Convincing young children to brush their teeth can be difficult at times. However, it is crucial that you help them develop these habits and routines at a young age. Here are some tips from our [SITEIWDE][LOCATION] dentists.
While every day may be different and you won't always have a tough time getting your child to brush their teeth, you may still experience certain days where it is not the easiest task in the world. It is, however, incredibly important that your child has their teeth brushed at least twice a day. Until your child reaches eight years of age they won't have the proper dexterity to do a good enough job brushing their teeth on their own.
Always remember that it needs to get done, regardless of whether your child is looking forward to it or not. You would never allow your child to sit in a soiled diaper just because they don't want their diaper changed, so you shouldn't allow food or plaque to sit on your kid’s teeth just because they don't want them to be brushed.
The easiest way to avoid the difficulties of brushing teeth is by making the task fun.
Ways you can help make teeth brushing fun!
- Let your toddler or child hold your toothbrush and brush your teeth while you hold their brush to brush their teeth. Usually, this is a fun way that they enjoy brushing.
- Ask your child to look in the mirror with their mouth open and pretend to see "sugar bugs", then proceed to brush.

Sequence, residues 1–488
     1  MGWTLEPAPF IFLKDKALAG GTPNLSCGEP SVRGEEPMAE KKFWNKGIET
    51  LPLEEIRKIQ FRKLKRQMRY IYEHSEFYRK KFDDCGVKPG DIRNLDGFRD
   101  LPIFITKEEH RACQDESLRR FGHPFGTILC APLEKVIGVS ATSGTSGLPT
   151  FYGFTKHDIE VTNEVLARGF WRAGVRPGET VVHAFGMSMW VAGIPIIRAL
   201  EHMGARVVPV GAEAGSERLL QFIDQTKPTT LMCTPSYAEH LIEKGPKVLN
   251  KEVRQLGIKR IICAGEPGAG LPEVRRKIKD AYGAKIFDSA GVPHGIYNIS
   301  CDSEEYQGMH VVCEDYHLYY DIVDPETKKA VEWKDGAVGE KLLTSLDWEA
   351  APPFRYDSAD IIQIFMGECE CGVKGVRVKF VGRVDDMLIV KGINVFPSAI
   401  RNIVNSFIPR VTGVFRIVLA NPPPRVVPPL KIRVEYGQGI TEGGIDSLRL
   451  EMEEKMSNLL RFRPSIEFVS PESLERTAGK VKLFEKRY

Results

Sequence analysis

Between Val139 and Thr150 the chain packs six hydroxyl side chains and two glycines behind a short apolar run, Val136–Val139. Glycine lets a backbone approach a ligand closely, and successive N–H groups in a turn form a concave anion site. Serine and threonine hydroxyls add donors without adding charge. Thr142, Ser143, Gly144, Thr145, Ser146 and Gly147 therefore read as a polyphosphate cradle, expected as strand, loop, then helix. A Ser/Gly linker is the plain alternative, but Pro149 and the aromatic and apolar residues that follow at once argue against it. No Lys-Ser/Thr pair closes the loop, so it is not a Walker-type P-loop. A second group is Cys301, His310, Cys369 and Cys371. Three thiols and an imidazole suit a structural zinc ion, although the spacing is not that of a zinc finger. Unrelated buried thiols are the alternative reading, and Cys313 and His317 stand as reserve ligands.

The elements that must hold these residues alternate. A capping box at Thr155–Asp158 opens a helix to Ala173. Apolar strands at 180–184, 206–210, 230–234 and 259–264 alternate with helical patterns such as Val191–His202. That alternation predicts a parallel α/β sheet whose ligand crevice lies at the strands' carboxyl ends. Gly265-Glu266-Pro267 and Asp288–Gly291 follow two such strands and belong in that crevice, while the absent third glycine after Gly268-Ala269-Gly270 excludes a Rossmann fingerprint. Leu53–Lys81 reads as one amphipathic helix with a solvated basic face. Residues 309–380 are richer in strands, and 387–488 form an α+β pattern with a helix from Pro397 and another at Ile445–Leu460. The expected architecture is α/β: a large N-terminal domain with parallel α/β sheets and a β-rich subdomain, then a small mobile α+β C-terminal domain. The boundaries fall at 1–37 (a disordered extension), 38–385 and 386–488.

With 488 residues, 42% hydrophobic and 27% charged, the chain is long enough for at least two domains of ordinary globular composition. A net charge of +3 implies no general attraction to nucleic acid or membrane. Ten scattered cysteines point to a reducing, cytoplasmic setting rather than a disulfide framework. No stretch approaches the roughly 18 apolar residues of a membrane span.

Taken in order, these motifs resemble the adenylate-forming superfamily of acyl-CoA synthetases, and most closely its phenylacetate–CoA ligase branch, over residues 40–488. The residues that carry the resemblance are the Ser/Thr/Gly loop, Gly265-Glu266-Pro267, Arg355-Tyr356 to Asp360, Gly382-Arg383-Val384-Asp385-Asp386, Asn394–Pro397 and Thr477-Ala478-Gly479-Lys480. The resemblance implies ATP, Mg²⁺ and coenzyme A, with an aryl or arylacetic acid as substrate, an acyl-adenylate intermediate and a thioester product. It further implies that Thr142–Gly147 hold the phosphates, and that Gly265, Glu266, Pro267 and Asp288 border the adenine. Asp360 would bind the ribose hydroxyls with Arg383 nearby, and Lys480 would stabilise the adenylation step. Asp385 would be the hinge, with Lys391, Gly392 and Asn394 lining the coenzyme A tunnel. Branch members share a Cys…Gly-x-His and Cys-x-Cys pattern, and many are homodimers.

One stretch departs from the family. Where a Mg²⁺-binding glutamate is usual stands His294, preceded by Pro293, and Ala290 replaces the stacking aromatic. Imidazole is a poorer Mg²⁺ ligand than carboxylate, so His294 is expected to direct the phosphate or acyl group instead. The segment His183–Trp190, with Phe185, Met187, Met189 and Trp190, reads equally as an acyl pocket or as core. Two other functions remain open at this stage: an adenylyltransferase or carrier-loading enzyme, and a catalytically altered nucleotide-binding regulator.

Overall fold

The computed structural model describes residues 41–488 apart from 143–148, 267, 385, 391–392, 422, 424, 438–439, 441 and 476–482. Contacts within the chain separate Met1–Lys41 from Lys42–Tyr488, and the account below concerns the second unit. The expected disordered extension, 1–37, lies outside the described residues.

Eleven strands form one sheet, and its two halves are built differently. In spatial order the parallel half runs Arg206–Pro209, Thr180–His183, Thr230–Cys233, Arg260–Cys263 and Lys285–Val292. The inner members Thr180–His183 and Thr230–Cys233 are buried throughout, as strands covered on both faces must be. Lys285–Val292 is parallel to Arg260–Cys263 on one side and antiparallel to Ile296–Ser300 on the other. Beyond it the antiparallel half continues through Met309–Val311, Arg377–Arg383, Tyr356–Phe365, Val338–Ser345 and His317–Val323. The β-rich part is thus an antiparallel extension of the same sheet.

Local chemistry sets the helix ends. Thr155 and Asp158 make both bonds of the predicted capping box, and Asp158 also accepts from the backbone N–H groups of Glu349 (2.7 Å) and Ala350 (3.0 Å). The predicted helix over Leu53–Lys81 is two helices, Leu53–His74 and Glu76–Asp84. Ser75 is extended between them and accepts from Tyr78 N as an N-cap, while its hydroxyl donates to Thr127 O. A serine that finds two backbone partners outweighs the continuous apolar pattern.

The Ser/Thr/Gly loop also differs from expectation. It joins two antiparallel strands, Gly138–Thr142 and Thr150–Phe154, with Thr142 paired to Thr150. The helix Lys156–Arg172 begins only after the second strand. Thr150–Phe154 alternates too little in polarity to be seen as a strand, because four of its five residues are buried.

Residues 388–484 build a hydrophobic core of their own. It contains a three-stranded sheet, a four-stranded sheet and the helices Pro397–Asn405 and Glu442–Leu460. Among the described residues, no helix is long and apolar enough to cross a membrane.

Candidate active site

- Purchase toothbrushes specifically designed to entertain children. Some connect via Bluetooth and kids can follow along on your phone while they brush.
- Offer small rewards for challenging toddlers after brushing – like stickers, reading a favorite book afterward, or holding a special toy.
- Using a (separate) toothbrush, brush the teeth of each of your child’s favorite toys after you brush your own. Talk about how important it is that their toy takes care of their teeth. Most toddlers, upon seeing how much their toy loves having their teeth brushed, will want theirs done also.
- How you ask can allow them to feel some independence. You might ask “Which toothbrush would you like to use?” instead of “Are you ready to brush your teeth?” or “Do you want to brush your teeth?” They'll feel involved in the decision and be more likely to cooperate.
If your toddler isn’t impressed with any of these methods, try using a piece of gauze to rub on his teeth. There are some pre-formed gauze pieces just for this purpose. If your dentist recommends using fluoride toothpaste once a day, just a dab is all that is necessary.